Ouimet Canyon Provincial Park

Some vistas are so spectacular that a picture just doesn’t do them justice, they need to be appreciated in person. Ouimet Canyon is a jaw-dropping 100 metre deep, 150 metre wide and 2,000 metre long gorge flanked by dramatic stone cliffs and rugged weather-beaten trees and shrubs. It is one of the many incredible natural attractions along the north shore of Lake Superior that you need to see to believe.

Ouimet Canyon is located within Ouimet Canyon Provincial Park in the municipality of Dorion, 60 km northeast of Thunder Bay in Northwest Ontario. The park entrance is about 10 km west along Ouimet Canyon Road, off of TransCanada Highway 17.

There is a small picnic area next to the parking lot and trailhead. Cross a short bridge and follow the forested 1 km loop trail and boardwalk to two lookout platforms perched on the canyon’s edge. Be sure to always stay on the clearly marked walkway. From these observation pods, you’ll be rewarded with breathtaking panoramic views of the steep, sheer cliffs that drop right down to the canyon floor. Beyond the canyon, looking out towards Lake Superior, you’ll see a shimmering smaller body of water. Pause at the interpretive display panels to learn more about the significant features of this natural wonder.

The gorge was most likely shaped over a billion years ago from glacier activity, and the subsequent erosion has resulted in fascinating rock columns and formations. Researchers have found rare Arctic flora flourishing in the bottom of the canyon. Typically these plants would be over 1,000 km north, but remarkably manage to survive in the unique conditions and climate below the rocks on the canyon floor.

For up-to-date information and details on Ouimet Canyon Provincial Park, we recommend you visit the Ontario Parks website. For information about other places of interest to explore nearby, keep scrolling to see what Destination Ontario recommends.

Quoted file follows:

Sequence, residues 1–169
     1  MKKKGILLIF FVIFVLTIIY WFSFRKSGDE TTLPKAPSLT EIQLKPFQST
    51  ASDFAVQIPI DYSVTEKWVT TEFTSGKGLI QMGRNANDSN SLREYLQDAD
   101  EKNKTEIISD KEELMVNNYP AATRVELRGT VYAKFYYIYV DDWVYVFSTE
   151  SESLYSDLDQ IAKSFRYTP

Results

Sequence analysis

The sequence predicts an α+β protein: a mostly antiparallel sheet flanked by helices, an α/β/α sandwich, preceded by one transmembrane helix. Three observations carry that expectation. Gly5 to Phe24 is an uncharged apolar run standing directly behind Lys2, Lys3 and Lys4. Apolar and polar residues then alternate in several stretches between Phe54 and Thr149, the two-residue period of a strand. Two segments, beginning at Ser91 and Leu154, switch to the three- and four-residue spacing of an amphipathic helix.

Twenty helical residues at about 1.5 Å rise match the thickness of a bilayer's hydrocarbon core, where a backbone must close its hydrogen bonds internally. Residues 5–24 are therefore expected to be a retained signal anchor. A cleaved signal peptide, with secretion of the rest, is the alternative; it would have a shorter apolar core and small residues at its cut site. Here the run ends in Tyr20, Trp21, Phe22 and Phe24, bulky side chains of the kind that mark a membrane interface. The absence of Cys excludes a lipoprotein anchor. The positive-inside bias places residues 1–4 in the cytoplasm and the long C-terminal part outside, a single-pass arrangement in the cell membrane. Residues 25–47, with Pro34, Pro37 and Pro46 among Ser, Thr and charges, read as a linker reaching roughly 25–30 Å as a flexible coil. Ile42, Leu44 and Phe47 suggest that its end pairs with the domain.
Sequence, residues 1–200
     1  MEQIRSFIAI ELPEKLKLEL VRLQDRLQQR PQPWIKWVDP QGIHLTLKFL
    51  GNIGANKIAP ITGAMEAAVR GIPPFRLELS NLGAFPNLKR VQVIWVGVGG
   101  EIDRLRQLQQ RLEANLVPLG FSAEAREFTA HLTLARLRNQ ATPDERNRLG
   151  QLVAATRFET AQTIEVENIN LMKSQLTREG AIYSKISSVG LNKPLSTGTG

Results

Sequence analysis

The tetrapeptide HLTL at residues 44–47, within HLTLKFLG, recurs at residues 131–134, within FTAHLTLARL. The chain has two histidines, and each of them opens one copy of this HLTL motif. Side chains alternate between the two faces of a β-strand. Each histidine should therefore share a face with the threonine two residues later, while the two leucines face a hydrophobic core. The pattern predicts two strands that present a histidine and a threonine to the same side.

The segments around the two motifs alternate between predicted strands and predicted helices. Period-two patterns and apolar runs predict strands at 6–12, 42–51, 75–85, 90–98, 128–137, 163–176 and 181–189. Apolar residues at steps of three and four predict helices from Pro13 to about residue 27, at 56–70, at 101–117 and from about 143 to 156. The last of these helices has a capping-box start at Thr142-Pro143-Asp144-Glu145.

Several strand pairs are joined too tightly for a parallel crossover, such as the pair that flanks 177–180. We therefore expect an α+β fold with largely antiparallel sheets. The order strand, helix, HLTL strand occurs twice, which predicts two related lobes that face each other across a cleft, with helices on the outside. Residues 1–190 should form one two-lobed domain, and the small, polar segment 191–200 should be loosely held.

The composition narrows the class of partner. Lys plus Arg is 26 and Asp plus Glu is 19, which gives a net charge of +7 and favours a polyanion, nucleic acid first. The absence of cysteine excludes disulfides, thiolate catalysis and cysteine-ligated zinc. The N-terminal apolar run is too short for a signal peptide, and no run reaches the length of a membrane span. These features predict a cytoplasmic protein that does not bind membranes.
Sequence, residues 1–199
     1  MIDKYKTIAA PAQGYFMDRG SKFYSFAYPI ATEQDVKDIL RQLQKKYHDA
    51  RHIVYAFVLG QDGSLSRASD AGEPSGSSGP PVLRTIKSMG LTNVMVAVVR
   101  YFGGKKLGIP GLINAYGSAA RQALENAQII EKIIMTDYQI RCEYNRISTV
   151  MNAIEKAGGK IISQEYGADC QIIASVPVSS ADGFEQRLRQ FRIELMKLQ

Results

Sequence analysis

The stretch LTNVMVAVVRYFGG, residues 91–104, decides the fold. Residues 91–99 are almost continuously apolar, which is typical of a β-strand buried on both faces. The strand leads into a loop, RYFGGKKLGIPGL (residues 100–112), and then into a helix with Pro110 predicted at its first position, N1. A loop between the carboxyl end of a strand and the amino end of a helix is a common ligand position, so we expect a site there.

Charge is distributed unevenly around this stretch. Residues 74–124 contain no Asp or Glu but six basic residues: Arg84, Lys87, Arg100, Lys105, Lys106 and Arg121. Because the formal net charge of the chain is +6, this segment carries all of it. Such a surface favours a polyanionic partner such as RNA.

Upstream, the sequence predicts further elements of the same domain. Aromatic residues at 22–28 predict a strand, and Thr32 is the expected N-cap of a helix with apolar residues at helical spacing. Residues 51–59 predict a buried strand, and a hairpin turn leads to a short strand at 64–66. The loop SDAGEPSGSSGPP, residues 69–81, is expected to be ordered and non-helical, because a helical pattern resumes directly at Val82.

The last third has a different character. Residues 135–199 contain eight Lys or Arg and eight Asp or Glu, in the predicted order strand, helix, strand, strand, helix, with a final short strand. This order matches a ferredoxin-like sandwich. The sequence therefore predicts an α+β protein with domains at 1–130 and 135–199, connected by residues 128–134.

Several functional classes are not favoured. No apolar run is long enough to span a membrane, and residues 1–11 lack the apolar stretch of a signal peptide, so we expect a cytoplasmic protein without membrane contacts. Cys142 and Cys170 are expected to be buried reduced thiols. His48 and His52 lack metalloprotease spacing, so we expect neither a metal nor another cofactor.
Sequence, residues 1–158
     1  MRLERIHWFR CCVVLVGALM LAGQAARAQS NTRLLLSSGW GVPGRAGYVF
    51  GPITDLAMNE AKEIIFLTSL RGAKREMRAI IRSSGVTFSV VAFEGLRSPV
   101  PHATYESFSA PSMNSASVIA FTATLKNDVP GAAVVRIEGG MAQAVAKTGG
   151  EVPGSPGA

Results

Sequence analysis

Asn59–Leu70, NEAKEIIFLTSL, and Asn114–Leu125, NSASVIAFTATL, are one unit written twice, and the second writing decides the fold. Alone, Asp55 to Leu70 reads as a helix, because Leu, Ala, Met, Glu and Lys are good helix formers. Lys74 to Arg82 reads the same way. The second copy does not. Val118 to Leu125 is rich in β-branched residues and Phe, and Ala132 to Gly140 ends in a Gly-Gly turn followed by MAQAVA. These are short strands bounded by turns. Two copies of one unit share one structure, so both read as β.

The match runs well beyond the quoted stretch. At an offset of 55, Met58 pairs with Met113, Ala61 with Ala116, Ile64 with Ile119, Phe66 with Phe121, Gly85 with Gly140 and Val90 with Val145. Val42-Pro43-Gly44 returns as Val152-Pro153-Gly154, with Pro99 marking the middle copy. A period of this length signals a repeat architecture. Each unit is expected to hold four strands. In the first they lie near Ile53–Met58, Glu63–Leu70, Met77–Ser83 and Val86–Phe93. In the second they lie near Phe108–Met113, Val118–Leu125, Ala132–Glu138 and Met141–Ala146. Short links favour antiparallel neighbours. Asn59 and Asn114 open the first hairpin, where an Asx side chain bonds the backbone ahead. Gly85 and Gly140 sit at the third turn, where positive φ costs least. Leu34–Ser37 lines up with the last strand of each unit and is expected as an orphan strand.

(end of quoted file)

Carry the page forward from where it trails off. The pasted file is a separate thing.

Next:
A wide canyon with many trees under a clear sky

Accessibility Features

Support persons welcome

Support persons are welcome to provide  services or assistance with  communication, mobility, personal care,  medical needs or access to facilities.  Please check with the organization about  entry fees, if applicable.

Service animals welcome

Service animal can be identified by visual  indicators (guide dog or other animal  wearing a vest/harness); or  documentation available from a  regulated health professional to confirm  the animal is required due to a disability. 

Accessible washroom

An accessible washroom stall has  adequate manoeuvring room for mobility  devices. Includes grab bars, transfer  space, accessible door latch, sink with  knee clearance, and lever handles or  automatic sensor faucets. 

Accessible drop-off location

Passenger drop-off is available by an  accessible entrance. 

Accessible recreation trails

One or more accessible trails with firm  and stable surface. All slopes, ramps,  handrails, boardwalks and signage  comply with the technical requirements  of Ontario's accessibility laws.

Accessible parking

At least one identified, reserved parking  space with a safe, clearly marked  accessible route from the designated  parking area to an accessible building  entrance.

More about Ouimet Canyon Provincial Park

A host of boreal forest bird species can be spotted at Ouimet Canyon, and you’ll find both migratory summer guests and year round residents. Look for grosbeak and kingfishers, warblers and owls. And if you’re lucky, you may glimpse a nesting peregrine falcon.

For those who dare to experience the canyon from a bird’s eye view, head further along the canyon to Eagle Canyon Adventures (privately owned, charges vary).  The ride is 800 metres long, over 50 metres high and reaches speeds of over 70 km/hr. Or cross the canyon on one of two suspension footbridges, one is almost 100 metres long and the other over 180 metres. There are also some pleasant hiking trails with scenic vistas on the property, as well as a picnic area.

Camping is not available at Ouimet Canyon, as the park is designated as day-use only, but you’ll find camping and RV facilities at Sleeping Giant Provincial Park, which is just an hour away.

Last updated: August 18, 2023

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